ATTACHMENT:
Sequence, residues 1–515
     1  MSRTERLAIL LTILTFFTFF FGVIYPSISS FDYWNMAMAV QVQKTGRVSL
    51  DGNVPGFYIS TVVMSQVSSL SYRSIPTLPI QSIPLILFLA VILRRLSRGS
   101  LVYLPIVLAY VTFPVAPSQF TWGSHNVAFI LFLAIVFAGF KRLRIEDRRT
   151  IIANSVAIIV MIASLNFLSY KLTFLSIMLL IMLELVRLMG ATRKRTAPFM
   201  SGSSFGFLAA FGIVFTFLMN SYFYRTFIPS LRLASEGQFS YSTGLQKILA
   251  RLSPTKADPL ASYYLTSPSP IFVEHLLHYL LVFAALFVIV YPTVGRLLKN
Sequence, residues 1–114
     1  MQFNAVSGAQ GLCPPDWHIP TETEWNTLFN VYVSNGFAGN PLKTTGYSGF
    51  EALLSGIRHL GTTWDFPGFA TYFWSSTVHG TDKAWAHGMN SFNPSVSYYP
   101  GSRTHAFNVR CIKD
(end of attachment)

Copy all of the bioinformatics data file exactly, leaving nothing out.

Sequence, residues 1–515
     1  MSRTERLAIL LTILTFFTFF FGVIYPSISS FDYWNMAMAV QVQKTGRVSL
    51  DGNVPGFYIS TVVMSQVSSL SYRSIPTLPI QSIPLILFLA VILRRLSRGS
   101  LVYLPIVLAY VTFPVAPSQF TWGSHNVAFI LFLAIVFAGF KRLRIEDRRT
   151  IIANSVAIIV MIASLNFLSY KLTFLSIMLL IMLELVRLMG ATRKRTAPFM
   201  SGSSFGFLAA FGIVFTFLMN SYFYRTFIPS LRLASEGQFS YSTGLQKILA
   251  RLSPTKADPL ASYYLTSPSP IFVEHLLHYL LVFAALFVIV YPTVGRLLKN
Sequence, residues 1–114
     1  MQFNAVSGAQ GLCPPDWHIP TETEWNTLFN VYVSNGFAGN PLKTTGYSGF
    51  EALLSGIRHL GTTWDFPGFA TYFWSSTVHG TDKAWAHGMN SFNPSVSYYP
   101  GSRTHAFNVR CIKD